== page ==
“It’s truly remarkable — from the time this whole event happened back in August - to be in the position we are in now and have all this in place by July. It just speaks volumes to the cooperation between the Ohio EPA, the city, and the consulting community to get this done,” Henry said.

Toledo is also researching a long-term plan. The city is evaluating two alternative permanent microtoxin control methods — ozone treatment and granular active carbon treatment. In the environmental report, the EPA states that the ultimate plan may be a combination of both approaches.

Henry says the city received a $1.3 million loan from the Ohio EPA for research, which is underway. National engineering firm ARCADIS, based in Colorado with a branch office in downtown Toledo, is taking the lead on laboratory research. Pilot testing has begun, with recommendations expected to be implemented within two to three years. Planning and construction of permanent algal controls at the plant would extend well into future harmful algal bloom seasons.

A $300 million five-year permanent upgrade at the plant, originally built in 1941, was already underway when the water crisis hit. The improvements include new piping, filtration modifications, and basin upgrades.

“Of that $300 million, about $139 million is for upgrade modernization or replacement,” Henry said. “In 2014, we either had $31 million completed or work underway. In 2015, we’re programming another $47 million that will be in construction.”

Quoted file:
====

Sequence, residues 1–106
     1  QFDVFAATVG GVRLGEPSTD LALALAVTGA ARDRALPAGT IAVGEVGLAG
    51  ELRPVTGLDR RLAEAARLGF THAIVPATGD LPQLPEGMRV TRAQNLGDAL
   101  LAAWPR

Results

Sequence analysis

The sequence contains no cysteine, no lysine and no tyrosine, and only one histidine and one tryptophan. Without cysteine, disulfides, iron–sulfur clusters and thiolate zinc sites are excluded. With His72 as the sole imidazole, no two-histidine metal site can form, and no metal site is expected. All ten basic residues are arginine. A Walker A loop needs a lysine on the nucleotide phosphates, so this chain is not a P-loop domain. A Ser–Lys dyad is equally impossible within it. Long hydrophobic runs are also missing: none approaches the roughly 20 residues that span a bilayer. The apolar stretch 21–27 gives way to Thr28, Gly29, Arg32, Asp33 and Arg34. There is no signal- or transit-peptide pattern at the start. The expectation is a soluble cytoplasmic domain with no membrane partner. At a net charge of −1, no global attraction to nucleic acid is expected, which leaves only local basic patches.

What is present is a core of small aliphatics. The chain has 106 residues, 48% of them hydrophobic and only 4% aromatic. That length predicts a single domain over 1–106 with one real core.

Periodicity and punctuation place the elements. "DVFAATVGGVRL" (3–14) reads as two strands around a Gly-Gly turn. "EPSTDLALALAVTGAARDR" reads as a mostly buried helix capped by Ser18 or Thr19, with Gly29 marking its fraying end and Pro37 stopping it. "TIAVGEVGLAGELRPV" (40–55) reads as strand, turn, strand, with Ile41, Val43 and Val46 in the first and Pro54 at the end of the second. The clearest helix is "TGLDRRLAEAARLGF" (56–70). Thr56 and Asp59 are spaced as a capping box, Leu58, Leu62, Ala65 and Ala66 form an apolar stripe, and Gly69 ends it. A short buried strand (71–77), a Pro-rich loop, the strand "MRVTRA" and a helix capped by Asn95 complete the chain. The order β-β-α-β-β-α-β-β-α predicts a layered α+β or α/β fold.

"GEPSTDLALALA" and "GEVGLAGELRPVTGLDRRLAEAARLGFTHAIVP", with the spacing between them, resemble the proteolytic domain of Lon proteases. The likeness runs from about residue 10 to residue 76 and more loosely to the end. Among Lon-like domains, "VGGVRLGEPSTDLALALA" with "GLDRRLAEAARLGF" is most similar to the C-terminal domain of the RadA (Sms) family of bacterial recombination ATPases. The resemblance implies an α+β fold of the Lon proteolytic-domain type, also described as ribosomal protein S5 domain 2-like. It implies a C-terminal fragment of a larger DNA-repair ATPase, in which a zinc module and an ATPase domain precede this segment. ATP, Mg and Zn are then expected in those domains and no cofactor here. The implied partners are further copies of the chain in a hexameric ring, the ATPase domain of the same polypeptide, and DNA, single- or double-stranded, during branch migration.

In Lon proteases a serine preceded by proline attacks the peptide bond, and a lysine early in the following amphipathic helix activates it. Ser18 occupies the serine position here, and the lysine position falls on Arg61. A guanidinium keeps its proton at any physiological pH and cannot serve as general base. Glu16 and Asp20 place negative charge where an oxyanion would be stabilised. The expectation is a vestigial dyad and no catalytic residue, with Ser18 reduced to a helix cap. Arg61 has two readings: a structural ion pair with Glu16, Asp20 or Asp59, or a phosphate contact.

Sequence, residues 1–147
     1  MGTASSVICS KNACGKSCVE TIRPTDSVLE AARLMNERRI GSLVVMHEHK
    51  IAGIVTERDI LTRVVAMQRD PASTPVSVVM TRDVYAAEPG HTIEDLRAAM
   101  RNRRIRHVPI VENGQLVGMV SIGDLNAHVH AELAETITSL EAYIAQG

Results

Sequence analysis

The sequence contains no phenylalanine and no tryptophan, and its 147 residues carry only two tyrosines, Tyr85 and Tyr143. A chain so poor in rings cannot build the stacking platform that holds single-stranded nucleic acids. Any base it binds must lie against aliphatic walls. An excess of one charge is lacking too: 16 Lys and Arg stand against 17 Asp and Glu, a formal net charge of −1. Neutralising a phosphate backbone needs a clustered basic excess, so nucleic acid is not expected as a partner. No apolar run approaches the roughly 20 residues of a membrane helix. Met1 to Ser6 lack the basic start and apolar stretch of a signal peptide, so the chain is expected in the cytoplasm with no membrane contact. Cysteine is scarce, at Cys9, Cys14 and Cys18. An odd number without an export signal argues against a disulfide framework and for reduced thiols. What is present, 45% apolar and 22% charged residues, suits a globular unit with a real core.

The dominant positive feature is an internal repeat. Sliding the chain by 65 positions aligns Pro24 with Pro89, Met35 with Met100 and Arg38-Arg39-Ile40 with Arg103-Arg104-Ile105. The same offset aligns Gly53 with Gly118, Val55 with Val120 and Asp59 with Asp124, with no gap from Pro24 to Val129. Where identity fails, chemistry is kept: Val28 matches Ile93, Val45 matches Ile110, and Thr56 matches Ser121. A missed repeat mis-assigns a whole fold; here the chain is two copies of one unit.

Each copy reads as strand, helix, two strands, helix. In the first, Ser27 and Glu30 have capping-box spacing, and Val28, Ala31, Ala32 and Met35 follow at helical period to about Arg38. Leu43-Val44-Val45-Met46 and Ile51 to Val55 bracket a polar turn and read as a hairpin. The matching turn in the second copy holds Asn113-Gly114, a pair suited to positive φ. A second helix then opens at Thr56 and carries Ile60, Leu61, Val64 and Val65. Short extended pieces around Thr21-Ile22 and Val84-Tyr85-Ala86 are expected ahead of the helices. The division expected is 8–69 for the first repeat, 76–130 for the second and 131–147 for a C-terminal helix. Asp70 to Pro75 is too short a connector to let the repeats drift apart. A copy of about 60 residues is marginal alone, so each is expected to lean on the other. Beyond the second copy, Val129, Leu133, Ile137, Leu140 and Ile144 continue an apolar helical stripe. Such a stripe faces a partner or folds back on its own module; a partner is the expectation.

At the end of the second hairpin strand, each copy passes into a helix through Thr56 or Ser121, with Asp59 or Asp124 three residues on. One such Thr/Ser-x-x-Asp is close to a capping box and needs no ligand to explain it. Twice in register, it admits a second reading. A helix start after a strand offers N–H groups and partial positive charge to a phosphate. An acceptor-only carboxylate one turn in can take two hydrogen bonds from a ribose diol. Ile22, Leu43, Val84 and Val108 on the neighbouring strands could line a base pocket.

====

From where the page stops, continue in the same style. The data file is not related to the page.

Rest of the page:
Plant tour
After the water crisis, a reporter from The Press took a tour of the Collins Park plant where drinking water treatment processes were explained.

Except for handling microcystin to meet safe drinking standards, the plant is capable of eliminating other toxins that could potentially pollute the water system.

The Toledo water system draws its water from the western basin of Lake Erie through an intake, located in 24 feet of water three miles offshore from Reno Beach. Water flows from the intake via gravity to the low service pump station through a 108-inch diameter intake pipe buried under the lake. The intake has within it lines potassium permanganate from the low service pump station for the treatment of zebra mussels, an invasive species that fuels toxic algae blooms in the lake.

Water is treated with PAC at the low service pump station for taste and odor control and is pumped to Collins Park via approximately nine miles of dual water lines that are 78 inches and 60 inches in diameter.

The plant, which is rated at a maximum of 120 million gallons per day (MGD), treats water by rapid mix, flocculation, sedimentation, re-carbonation, filtration, and detention followed by high service pumping to the distribution system. Demand averages 79 MGD, with higher flows in the summer at 96 MGD compared to winter’s 71 MGD.

During filtration, water travels at a rate of 1,500 gallons per minute through each of 30 filters. Chlorine is then added with the flexibility to increase or lower the amount based on what is needed. Each filter has a 10 to 20 year life before it has to be replaced and is backwashed daily to keep clean.

Aluminum sulfate, lime, soda ash, polyphosphate, fluoride and chlorine dioxide are also added during treatment.